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The great crocus robbery

Posted on 25th February, 2017

A common complaint of gardeners at this time of year is the mysterious disappearance of yellow crocus flowers, and the finger of suspicion is often pointed at the local house sparrows. It’s not entirely a coincidence, nor is it undeserved. As spring blossom starts to brighten the garden and attract our attention to the show of fresh colours, so the males of many bird species start to display brighter colours too to attract the attention of females.


Last year’s young blackbirds get their first breeding opportunities and acquire the bright yellow bill and eye-ring that help attract a mate. The coloured feathers of some species also start to look a bit brighter – male chaffinches, blue tits and great tits seem to look just that bit brighter in the spring sunshine, and the male house sparrow’s black bib begins to look bigger and bolder too.















A young male before the breeding season (left) and one in full breeding condition (right).


The reason for all this, of course, is the need for males to demonstrate to females that they are the fittest, strongest and most reliable partners available to ensure the females can raise healthy young. Females are understandably choosy; they want their young to survive to adulthood and so pass on their genes.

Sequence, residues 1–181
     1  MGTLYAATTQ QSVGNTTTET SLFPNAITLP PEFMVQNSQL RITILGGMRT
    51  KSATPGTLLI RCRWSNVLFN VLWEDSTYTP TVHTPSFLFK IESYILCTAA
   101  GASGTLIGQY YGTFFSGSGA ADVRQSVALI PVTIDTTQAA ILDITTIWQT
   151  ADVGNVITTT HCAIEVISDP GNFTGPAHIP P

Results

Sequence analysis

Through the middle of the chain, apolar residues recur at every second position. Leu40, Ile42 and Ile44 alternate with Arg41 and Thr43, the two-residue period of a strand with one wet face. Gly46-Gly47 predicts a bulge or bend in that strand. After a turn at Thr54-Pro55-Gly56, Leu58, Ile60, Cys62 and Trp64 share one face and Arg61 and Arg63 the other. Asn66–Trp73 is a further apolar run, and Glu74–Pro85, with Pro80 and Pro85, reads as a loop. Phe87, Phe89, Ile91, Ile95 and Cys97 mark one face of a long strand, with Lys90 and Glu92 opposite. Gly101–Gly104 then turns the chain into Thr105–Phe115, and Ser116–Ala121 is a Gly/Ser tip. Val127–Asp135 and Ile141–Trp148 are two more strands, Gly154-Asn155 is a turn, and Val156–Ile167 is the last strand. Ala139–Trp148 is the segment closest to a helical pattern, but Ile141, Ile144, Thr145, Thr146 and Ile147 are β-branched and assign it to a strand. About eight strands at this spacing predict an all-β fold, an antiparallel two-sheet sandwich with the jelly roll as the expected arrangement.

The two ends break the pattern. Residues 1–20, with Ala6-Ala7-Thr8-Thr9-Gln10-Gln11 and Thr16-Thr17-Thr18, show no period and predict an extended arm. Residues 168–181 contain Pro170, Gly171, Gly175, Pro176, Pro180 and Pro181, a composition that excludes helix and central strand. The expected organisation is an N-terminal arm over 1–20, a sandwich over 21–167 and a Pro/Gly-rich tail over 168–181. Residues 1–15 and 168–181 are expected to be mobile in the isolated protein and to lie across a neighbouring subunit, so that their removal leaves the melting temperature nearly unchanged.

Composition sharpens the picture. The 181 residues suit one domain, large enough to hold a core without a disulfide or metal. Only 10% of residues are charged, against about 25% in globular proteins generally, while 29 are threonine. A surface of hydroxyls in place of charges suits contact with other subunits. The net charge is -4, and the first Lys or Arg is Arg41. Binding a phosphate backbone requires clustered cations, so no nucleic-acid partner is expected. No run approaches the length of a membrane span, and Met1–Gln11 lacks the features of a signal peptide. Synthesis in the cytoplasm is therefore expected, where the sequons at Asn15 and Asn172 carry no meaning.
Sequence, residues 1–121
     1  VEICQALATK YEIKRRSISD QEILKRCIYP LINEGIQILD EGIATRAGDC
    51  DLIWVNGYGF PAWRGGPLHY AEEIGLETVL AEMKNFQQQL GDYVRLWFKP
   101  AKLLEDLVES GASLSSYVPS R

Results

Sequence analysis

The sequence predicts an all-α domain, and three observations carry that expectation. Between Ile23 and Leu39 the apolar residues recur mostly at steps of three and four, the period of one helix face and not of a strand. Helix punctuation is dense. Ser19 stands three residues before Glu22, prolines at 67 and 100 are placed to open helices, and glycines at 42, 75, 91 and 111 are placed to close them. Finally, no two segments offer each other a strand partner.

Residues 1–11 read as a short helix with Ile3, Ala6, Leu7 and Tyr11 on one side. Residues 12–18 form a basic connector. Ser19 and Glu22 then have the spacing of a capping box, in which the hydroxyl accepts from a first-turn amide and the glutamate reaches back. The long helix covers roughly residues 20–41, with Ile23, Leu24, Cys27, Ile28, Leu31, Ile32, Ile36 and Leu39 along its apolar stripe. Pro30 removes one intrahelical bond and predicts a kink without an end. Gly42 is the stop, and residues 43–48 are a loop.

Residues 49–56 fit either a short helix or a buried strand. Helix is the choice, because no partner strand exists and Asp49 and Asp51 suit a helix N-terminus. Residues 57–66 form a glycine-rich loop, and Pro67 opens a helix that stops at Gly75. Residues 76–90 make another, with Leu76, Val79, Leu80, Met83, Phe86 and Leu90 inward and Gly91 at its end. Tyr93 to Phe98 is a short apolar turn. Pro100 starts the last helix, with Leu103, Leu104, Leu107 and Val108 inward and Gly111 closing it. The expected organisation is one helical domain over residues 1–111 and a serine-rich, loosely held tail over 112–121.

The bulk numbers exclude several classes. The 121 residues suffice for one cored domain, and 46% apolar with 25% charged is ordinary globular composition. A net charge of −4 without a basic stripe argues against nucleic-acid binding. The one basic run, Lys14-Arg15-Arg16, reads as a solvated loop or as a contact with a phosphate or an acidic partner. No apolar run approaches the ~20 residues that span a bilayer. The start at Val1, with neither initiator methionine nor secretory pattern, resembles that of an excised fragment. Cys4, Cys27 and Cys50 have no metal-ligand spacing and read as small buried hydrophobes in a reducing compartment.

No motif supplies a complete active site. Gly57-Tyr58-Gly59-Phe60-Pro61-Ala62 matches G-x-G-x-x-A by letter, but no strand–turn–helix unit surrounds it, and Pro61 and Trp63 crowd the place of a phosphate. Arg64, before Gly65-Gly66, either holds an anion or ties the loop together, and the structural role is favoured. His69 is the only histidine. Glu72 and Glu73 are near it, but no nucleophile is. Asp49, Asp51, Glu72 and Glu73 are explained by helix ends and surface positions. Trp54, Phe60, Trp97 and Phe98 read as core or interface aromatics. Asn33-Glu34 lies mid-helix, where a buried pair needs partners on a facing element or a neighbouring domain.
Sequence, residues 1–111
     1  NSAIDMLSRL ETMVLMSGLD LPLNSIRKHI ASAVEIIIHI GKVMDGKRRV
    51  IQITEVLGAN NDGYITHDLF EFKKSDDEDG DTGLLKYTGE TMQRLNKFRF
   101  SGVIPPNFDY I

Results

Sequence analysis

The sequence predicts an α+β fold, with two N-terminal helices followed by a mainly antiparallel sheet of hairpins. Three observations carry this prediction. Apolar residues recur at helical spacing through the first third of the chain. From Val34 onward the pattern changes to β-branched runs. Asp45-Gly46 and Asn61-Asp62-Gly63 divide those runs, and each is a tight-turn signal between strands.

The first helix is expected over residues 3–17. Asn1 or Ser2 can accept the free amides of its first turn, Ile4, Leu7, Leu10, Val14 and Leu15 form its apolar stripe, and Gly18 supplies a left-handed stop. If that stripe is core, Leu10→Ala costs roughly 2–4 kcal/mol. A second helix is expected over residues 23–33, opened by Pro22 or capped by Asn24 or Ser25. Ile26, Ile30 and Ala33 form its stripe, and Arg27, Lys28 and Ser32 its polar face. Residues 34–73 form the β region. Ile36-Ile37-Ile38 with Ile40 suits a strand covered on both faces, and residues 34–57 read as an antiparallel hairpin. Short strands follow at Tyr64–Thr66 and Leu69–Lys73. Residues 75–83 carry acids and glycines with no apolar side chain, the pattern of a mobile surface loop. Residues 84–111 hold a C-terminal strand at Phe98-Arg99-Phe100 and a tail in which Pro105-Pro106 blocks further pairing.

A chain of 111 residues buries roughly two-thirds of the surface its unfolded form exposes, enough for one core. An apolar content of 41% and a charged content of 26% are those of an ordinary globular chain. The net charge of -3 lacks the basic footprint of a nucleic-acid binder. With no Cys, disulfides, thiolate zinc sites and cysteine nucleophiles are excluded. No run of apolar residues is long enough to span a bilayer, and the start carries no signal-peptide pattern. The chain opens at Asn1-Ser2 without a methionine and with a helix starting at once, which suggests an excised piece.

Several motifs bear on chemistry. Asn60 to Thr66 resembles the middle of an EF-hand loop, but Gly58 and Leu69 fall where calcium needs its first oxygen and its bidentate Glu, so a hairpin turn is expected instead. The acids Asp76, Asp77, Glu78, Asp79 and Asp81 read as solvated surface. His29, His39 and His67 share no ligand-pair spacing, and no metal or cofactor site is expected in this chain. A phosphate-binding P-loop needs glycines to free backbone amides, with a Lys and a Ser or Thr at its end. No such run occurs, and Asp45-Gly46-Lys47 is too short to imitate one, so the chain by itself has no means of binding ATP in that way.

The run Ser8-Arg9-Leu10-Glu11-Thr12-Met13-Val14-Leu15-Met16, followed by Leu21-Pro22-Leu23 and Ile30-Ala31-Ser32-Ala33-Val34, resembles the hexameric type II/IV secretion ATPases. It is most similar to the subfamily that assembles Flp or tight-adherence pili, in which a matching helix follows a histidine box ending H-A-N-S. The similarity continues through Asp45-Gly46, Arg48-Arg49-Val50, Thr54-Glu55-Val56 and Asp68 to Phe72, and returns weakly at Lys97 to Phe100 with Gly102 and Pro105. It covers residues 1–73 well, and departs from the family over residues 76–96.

The grey tips of this sparrow’s plumage are wearing off to expose the black underneath. Males need a bold bib to impress a female.







The theft of yellow crocus flowers (and my red runner bean flowers later in the summer) is actually an important part of this process. Chemicals contained in red and yellow flowers are known to be associated with an efficient immune system in birds, and also help produce yellow and red plumage. So the female blue tit is looking for the male displaying the finest yellow as he’s likely to be healthy and a good bet for helping with chick feeding.




Just what a female blue tit is looking for: the bright yellow suggests this is a ‘fit’ male, and his bright blue crown possibly means he has a ‘good’ territory with plenty of food.













Another reason for the feathers looking brighter is that the duller tips are wearing away to reveal deeper colours underneath, like the chaffinches pink breast – just when they are needed. It’s why the male sparrow’s black bib is also getting bigger, the dull grey feather ends are wearing away and females are attracted by the best bibs as that is another sign of the owner’s fitness. More daylight hours also stimulate the males to sing. Our resident garden birds have no competition from summer migrants yet, so evenings are full of their territorial song. Some blackbirds, song thrushes and, particularly, robins will sing well into the night if there is a nearby light source. The nightingale that famously sang in Berkley Square was almost certainly a robin: our evening shopping visits to Lidl at this time of year are always brightened by Tovil’s own car park ‘nightingale’ singing its heart out as we struggle with bags to the car (below!).












Finally, a reminder that any necessary trimming of hedges and shrubs should now be done very carefully, and only after first inspecting them to check there are no nests under construction or already in use. All birds are protected by law, along with their nests and eggs, and it is an offence to disturb them once they have started breeding. This includes the humble sparrows – even if they have devoured your crocuses!

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